From Annie Leibovitz's MasterClass

Student Sessions

Annie sits down with students from her alma mater, the San Francisco Art Institute, to critique their work and share her own approach to core principles of photography.

Topics include: Photographing Family and Friends • Learning How to See • Being a Director • Storytelling in a Series • Don’t Be Afraid to Go Back • Connecting With the World Through Photography

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Annie sits down with students from her alma mater, the San Francisco Art Institute, to critique their work and share her own approach to core principles of photography.

Topics include: Photographing Family and Friends • Learning How to See • Being a Director • Storytelling in a Series • Don’t Be Afraid to Go Back • Connecting With the World Through Photography

Annie Leibovitz

Teaches Photography

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The Art Of The Photo

Annie Leibovitz was the first woman to be named chief photographer at Rolling Stone and the last person to take a portrait of John Lennon. In her first online photography class, Annie shows us that what makes a picture stunning isn’t the gear or technology—it’s the story. Annie teaches you her philosophy: how to develop concepts, work with subjects, shoot with natural light, and bring images to life in post-production. See the world through her eyes.

Reviews

4.7
Students give MasterClass an average rating of 4.7 out of 5 stars.

This class was definitely more inspirational than instructional. The strongest point is to find what makes me passionate about photography - and do that! I greatly respect her work and the time she gave to inspire us.

Insight on how to see within the frame, to use lighting along with interacting with subjects and telling stories with the camera.

It gave me inspiration to continue my photography.

I don't know yet, because I think what Annie's class is about needs time to distill into your own photography. It was very inspiring to hear her story and her thoughts about "good" (personal, artistic) photography. However there was little information that instantly helps you to improve as a photographer.

Comments

Janneair

I, for one, really enjoyed this. At this point of master class I was already accepting that there's not a lot of technical things coming my way (say of compositioning, compositing etc.) which I would've liked. These talks were good. If nothing else, it gave me an insight on how a seasoned pro and talented students go about their work, how do they talk about it. This gives me a perspective that I haven't had with my own photography. Mika(?) in the end: Her picture on the right is absolutely gorgeous. Wish I knew who she is to follow up on how she's doing.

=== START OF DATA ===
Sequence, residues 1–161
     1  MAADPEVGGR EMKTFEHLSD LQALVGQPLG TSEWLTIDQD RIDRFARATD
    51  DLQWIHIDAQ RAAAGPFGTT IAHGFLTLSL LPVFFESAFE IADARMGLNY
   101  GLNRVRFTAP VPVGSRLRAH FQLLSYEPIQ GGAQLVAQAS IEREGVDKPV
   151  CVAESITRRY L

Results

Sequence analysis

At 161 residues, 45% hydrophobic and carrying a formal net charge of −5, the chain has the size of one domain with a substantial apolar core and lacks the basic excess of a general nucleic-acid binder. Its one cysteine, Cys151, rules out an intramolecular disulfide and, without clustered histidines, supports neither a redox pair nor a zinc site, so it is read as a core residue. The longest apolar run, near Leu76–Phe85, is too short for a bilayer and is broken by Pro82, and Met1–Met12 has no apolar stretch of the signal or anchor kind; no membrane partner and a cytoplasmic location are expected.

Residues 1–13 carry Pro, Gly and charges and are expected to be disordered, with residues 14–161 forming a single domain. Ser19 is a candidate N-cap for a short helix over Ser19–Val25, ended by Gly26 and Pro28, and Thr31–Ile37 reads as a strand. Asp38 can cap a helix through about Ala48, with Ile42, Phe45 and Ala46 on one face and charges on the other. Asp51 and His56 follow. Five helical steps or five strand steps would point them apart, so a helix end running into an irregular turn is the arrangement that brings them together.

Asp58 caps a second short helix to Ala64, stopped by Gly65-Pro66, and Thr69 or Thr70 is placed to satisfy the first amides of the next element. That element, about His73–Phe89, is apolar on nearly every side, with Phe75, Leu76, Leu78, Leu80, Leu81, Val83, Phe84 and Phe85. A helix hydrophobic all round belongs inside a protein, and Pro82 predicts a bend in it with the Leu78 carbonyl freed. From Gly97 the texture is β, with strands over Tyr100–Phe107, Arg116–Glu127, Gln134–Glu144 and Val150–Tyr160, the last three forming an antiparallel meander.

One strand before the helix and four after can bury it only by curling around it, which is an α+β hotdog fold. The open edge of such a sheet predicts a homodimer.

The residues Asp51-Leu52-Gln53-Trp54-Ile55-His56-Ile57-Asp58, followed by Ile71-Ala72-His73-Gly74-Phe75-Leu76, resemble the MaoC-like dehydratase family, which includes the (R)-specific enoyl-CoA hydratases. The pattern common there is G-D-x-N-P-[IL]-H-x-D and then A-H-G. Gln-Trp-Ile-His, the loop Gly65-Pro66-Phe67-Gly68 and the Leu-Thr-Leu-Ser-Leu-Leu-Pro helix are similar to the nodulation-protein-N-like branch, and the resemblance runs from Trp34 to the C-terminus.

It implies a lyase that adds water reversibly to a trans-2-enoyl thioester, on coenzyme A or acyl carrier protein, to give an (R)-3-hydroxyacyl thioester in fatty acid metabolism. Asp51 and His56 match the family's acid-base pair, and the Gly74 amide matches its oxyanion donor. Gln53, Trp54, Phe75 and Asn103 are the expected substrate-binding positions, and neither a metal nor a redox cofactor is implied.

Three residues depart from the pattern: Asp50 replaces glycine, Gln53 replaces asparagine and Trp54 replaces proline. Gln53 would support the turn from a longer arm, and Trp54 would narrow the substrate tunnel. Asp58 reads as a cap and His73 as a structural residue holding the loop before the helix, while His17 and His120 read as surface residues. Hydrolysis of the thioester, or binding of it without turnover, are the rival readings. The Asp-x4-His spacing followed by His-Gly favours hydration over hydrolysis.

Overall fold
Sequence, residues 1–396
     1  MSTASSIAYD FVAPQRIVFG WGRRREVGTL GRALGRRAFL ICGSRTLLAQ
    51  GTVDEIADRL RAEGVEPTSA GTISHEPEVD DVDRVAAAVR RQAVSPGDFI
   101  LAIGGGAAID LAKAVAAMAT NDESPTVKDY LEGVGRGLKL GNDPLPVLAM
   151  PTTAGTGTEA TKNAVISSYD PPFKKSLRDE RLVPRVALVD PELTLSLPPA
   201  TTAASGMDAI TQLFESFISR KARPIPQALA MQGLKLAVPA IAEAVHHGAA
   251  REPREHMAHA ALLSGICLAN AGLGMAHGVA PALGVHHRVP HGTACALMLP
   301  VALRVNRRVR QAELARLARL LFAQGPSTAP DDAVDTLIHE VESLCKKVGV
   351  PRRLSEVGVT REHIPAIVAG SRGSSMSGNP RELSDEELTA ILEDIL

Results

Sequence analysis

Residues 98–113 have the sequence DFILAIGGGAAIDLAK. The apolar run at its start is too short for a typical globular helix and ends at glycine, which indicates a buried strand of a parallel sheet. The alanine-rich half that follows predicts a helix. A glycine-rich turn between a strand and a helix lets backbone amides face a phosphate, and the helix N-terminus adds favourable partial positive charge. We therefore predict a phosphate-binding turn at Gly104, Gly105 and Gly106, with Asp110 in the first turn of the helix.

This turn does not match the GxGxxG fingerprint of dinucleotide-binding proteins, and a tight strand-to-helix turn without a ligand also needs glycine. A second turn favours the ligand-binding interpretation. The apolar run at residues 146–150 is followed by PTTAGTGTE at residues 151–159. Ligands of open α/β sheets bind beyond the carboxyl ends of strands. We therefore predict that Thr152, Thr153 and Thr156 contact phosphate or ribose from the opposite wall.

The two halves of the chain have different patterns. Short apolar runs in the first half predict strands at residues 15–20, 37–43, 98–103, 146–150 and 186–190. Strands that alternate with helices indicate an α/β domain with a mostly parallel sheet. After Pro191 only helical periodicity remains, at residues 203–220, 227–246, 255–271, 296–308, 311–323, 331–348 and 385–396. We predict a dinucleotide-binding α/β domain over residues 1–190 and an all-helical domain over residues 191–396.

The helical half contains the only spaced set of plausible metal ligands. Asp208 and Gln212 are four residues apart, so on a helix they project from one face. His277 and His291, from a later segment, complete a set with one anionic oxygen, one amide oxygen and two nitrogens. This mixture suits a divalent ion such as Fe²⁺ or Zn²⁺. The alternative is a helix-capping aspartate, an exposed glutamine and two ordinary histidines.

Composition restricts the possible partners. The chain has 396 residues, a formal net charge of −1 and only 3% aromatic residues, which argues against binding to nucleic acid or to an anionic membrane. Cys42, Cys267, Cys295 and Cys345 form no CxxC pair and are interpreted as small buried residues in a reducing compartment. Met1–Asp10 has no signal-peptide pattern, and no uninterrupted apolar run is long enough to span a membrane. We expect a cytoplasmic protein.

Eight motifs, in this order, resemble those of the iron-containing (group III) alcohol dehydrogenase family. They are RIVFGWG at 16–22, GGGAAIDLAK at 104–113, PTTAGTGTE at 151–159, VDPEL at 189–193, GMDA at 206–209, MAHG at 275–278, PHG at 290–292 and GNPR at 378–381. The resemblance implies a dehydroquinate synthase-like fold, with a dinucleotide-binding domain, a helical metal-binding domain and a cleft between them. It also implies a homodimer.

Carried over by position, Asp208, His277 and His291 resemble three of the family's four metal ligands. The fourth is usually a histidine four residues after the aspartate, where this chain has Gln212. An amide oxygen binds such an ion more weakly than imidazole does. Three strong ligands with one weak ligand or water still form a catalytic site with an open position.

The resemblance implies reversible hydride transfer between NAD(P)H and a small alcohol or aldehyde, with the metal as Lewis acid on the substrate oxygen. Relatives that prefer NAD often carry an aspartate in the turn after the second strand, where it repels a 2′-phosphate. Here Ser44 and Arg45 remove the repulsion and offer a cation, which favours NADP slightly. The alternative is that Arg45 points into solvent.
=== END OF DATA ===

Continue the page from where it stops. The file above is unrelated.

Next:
Paul C.

I liked this session and wished I was there. It is odd how a little softness to a shot used to be a good thing, but now the drive to technical superiority makes many people prefer photos that are artistically inferior. I caught this shot at a graduation, and although there is movement blur of the toy and her hand, I think it makes the shot more personal and "alive", if there is such a thing.

Steve H.

Time-wise, this was an extended lesson. In a Master Class, I think it is useful to have the Master offering remarks about the students' portfolio. I enjoyed the images that Mika presented and her extended educational background is evident in her photographs.

Chris P.

I like the sharing and experiences but found the students quite inarticulate. A real struggle when every second word is "like" followed by a pause and the sentence or thought remains unfinished.

Rob M.

I enjoyed hearing what Annie sees in their work. I think a recurring thought of hers is to strive to be as connected as possible to the subject so that you can explore as much as possible what might work. This picture was taken in London, through a bus window actually while stopped in traffic.

J'nee H.

I like that she has included students. In other MasterClasses the instructors don't do this. The reality is work today is in the digital format. This is a total kismet photo that I got on a trip to Burma. No studio, no special lighting- I just loved the subjects.

Graeme R.

Excited about the work of the German/Russian woman (Mika, I think) in taking portraits of Mennonites in Siberia. Beautiful indeed. Is the title of her book available?

Katherine H.

I enjoyed seeing the students' work and hearing them talk about it. The instructor's commentary bestows the benefit not only of her talent, but of her wisdom and experience, and she delivers grace and aplomb. She skillfully draws students out and engages them, choosing questions carefully to develop their thinking about their work.

Ralph F.

Taj Mahal, had to take the lamp shade off a table lamp, only light in the room

Ralph F.

Lightnin’ Hopkins with extremely close stage lighting, profile helped diffuse things I think